Submitted to: Journal of Animal Science
Publication Type: Peer Reviewed Journal
Publication Acceptance Date: March 19, 2005
Publication Date: July 1, 2005
Repository URL: http://ars.usda.gov/SP2UserFiles/Place/54340000/Publications/effectsofvaryingenergyintake.pdf
Citation: Roberts, A.J., Klindt, J.M., Jenkins, T.G. 2005. Effects of varying energy intake and sire breed on duration of postpartum anestrus, insulin like growth factor-1, and growth hormone in mature crossbred cows. Journal of Animal Science 83(7):1705-1714. Interpretive Summary: Previous research has demonstrated that different breeds or biological types of cattle respond differently to limited nutrient environments. In this study, we evaluated how sire breed (Angus, Hereford, Shorthorn, Galloway, Longhorn, Nellore or Salers) influenced length of postpartum anestrus in F1 cows out of Angus or Hereford dams, when cows were fed at one of 3 levels of daily metabolizable energy intake (132 or 189 kcal ME/kg metabolic BW or ad libitum). Concentrations of two metabolic hormones, IGF-1 and GH, were also measured in the blood as indicators of nutritional status (i.e., high GH and low IGF-1 indicate negative energy balance). Length of anestrus was affected by level of energy fed in Galloway, Longhorn, and Nellore sired cows, but not other breeds. Level of energy fed affected concentrations of IGF-1 and GH, and the patterns of changes in these hormones during the postpartum period. As we have observed previously, restricted availability of energy intake resulted in decreasing concentrations of IGF-1 and increasing concentrations of GH over time after calving. These changes indicate that animals in the restricted feeding groups were in a negative energy balance, which corresponds to increased levels of milk productions that occur during the first 2 to 3 months postpartum. However, magnitude of change in IGF-1 observed between the different feeding levels varied by sire breed. Cows sired by Nellore and Longhorn bulls had higher levels of IGF-1 than cows from other sire breeds, yet these cows actually exhibited longer periods of anestrus than cows from other breeds. These results indicate that caution needs to be taken when using levels of IGF-1 as an indicator of nutritional status across different breed types. The present study demonstrates that choice of sire breed to produce crossbred cows influences reproductive performance of cows as measured by length of postpartum anestrus, and through energy balance (as predicted by IGF-1) as levels of energy availability vary.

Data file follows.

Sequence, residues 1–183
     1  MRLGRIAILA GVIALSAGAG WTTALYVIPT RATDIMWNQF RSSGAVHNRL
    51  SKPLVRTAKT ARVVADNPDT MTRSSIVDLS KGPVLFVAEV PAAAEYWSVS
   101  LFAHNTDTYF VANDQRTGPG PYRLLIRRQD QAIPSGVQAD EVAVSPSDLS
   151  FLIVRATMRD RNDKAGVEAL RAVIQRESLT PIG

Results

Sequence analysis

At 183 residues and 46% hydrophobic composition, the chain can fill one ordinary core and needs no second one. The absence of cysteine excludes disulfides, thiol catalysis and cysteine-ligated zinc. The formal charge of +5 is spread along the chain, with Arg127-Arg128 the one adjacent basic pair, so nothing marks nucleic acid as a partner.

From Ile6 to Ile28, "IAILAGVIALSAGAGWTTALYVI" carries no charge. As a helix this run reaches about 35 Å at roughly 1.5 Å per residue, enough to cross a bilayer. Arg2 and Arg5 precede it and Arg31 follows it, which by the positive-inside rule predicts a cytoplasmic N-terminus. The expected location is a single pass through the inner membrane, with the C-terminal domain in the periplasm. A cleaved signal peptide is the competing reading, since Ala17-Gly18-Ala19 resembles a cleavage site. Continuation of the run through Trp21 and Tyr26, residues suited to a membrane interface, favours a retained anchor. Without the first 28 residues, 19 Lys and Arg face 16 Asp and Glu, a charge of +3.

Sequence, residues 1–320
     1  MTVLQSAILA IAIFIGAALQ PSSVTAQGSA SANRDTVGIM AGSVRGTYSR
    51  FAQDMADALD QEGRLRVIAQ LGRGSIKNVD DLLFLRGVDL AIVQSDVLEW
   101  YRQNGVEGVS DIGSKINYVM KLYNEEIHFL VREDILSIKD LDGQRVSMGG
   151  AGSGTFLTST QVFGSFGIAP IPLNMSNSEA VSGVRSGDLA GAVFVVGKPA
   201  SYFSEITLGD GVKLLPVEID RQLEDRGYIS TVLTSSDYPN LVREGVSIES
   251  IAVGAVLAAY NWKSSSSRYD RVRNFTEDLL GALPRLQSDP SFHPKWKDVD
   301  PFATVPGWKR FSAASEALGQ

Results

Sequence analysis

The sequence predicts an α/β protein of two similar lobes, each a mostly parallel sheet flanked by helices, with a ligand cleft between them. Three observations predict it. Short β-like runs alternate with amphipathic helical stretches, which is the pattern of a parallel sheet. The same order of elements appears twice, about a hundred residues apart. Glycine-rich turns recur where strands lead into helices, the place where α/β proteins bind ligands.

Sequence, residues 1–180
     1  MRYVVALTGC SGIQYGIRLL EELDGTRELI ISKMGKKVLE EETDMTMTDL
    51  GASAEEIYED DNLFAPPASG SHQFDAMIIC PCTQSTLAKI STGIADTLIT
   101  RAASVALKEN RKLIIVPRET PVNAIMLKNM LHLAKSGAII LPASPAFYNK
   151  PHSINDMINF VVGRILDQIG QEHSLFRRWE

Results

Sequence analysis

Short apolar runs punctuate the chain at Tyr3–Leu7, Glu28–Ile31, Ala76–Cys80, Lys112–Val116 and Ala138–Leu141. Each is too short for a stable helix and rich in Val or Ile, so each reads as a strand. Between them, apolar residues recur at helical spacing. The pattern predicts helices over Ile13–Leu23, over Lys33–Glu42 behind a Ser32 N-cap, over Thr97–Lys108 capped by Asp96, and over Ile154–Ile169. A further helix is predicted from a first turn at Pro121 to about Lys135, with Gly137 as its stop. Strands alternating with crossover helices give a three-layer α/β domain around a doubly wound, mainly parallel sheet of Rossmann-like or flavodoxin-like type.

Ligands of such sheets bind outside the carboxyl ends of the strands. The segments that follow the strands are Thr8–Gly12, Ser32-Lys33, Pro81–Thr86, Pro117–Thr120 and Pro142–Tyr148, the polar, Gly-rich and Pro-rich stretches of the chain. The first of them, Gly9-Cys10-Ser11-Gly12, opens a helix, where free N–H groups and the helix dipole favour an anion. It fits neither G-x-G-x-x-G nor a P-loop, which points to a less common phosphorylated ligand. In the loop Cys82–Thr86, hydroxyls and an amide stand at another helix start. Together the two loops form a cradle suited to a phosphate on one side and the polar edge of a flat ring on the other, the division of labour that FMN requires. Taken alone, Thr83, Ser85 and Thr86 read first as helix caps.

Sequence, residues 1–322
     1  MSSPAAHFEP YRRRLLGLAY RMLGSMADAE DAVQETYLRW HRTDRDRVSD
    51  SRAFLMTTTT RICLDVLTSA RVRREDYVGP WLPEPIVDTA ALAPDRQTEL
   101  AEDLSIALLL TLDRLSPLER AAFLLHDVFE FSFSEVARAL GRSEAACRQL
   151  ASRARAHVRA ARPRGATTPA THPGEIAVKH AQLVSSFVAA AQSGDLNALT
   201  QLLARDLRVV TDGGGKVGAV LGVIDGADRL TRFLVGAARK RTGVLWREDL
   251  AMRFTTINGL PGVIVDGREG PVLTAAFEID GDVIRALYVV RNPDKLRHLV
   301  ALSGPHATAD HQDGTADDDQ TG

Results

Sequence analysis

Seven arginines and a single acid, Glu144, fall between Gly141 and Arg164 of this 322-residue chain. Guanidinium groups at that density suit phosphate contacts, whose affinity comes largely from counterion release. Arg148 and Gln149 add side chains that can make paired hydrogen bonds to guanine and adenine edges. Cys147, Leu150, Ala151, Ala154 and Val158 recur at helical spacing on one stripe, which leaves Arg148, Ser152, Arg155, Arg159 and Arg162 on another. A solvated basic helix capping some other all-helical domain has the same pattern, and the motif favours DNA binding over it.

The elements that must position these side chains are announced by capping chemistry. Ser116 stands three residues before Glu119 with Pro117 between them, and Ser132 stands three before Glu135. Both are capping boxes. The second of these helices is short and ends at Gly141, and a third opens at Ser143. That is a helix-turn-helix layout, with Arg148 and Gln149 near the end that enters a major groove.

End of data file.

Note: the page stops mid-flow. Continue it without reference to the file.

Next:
Technical Abstract: Objectives of this study were to evaluate effects of sire breed (Angus, Hereford, Shorthorn, Galloway, Longhorn, Nellore or Salers) and level of daily metabolizable energy intake (DMEI; 132 or 189 kcal ME/kg metabolic BW or ad libitum) on body condition score, length of postpartum anestrus and nutritional status in F1 cows out of Angus or Hereford dams (6 to 8 cows/sire breed/DMEI). Circulating concentrations of progesterone in weekly blood samples collected 2 to 14 wk after calving were used to predict length of postpartum anestrus. Length of anestrus was affected by level of DMEI in Galloway, Longhorn, and Nellore sired cows, but not other breeds (P < 0.02 for interaction of sire breed and DMEI). Sire breed and level of DMEI affected (P < 0.01) body condition score was. Concentrations of IGF-1 and GH were determined at wk 2, 4, 8, and 14 to provide insight into changes in nutritional status (i.e., high GH and low IGF-1 indicates negative energy balance). Concentrations of IGF-1 (P < 0.03) were influenced by the 3-way interaction among sire breed, level of DMEI and wk postpartum. Concentrations of GH varied (P < 0.001) due to the interaction of DMEI and wk postpartum. To provide interpretation of these interactions, within cow linear regressions were used to estimate initial postpartum concentrations (intercepts) and change over time (slopes) for IGF-1 and GH. Intercept and wk 2 IGF-1 varied due to sire breed (P < 0.001), being greatest for Nellore, intermediate for Longhorn, and lowest, but not different among other sire breeds. Intercepts and slopes for IGF-1 and GH varied due to level of DMEI (P < 0.02). Slope of IGF-1 changed from a negative value (i.e., decreasing concentrations over time, indicating negative energy balance) to a positive value as DMEI increased, but magnitude of change between levels of DMEI tended to vary by sire breed (P < 0.09). Concentrations of GH increased at a greater rate over time in cows fed 132 kcal than cows fed 189 or ad libitum DMEI (P < 0.01 for DMEI effect on slope). When examined across all sire breeds (simple correlation), length of anestrus was associated (r = .16; P < 0.06) with slope of GH. When effects of sire breed were accounted for (residual correlation), length of anestrus was inversely associated (r = -.23; P < 0.01) with intercept and wk 2 IGF-1 concentrations. Breed of sire influenced length of postpartum anestrus and energy balance, as predicted by IGF-1, in crossbred cows fed restricted levels of DMEI.